“Existing towers in the area do not meet height requirements or are too far north to meet the coverage objective,” according to an analysis conducted by the county’s Information Technology Division-Radio Services. The special exception gained approval at a County Council hearing March 16.

The expenditures the council approved June 25 included $1 million for structural analysis, engineering and modifications of existing towers. There’s another $110,000 to pay for permitting and wetlands mitigation for the Osteen tower site and $35,000 for the infrastructure requirements associated with a replacement tower site in Barberville.

The new Harris P25 model handheld radios that many of Volusia’s first responders will be issued have much better interoperability, meaning they will work with different types of radios across agencies and even county lines during emergencies affecting two or more counties.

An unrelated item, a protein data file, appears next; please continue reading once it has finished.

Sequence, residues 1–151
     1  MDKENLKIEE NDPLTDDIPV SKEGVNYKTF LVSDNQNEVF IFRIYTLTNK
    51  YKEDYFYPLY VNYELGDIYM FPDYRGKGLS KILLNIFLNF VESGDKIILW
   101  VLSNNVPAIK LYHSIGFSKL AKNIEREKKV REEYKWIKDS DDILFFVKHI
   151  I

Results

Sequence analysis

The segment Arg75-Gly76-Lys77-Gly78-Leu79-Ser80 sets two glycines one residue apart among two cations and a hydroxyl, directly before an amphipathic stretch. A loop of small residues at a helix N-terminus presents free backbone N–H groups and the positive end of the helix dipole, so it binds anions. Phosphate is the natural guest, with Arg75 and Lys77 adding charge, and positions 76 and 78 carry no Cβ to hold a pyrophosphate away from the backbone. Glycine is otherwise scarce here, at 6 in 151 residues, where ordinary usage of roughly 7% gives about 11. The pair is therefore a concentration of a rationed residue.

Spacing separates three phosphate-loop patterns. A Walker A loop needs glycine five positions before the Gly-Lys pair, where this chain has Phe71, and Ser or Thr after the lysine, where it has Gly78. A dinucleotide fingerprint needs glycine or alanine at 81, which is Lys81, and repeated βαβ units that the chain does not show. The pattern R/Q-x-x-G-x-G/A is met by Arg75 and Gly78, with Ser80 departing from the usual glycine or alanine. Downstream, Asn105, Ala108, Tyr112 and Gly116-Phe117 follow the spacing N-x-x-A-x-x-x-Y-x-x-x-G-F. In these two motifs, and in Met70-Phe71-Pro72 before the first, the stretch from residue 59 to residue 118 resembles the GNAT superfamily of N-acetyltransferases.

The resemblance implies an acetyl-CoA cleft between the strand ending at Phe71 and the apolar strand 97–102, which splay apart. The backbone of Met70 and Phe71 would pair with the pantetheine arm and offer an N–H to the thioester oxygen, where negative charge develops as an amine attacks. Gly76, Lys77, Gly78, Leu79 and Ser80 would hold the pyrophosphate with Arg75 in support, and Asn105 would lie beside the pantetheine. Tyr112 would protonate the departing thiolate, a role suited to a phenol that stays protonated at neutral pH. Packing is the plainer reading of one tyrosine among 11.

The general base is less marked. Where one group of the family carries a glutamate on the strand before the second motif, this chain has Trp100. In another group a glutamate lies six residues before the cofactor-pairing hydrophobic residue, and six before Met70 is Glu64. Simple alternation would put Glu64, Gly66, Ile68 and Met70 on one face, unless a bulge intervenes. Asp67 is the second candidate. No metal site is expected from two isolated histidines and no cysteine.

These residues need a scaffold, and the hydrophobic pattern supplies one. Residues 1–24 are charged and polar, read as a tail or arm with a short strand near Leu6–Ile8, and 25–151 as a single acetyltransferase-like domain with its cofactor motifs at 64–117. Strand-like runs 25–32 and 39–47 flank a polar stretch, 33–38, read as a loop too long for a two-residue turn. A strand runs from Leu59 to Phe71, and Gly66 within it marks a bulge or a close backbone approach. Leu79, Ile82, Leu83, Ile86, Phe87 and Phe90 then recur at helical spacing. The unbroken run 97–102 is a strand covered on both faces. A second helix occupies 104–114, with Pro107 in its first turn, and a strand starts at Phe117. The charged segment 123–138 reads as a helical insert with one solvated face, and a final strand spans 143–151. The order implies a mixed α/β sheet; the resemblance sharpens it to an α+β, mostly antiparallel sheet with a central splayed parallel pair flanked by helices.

According to County Spokesman Gary Davidson, “The existing 800 MHz system, which supports more than 9,000 radios, is nearly 30 years old and the technology has reached the end of its life cycle. In many cases, replacement parts are no longer available.”

First responders in Volusia County include law enforcement, fire and emergency medical services, which constantly communicate with the dispatch center while responding to emergencies. By 2013, a county newsletter reported, there were 1.1 million calls for service, including 317,637 911 calls.

The council last year selected Communications International Inc. of Vero Beach, the same company that implemented its original radio system, to implement the new Project 25 (P25) system. Because of the complexity of the project, the contract took months to write and negotiate, Mr. Davidson wrote in a news release.

“It is critical the county’s public safety land mobile radio be upgraded to a modern P25 system now to ensure the continued reliability of public safety communication,” the county stated in a 2019 document seeking bidders for the new system. A second bid from Motorola was rejected.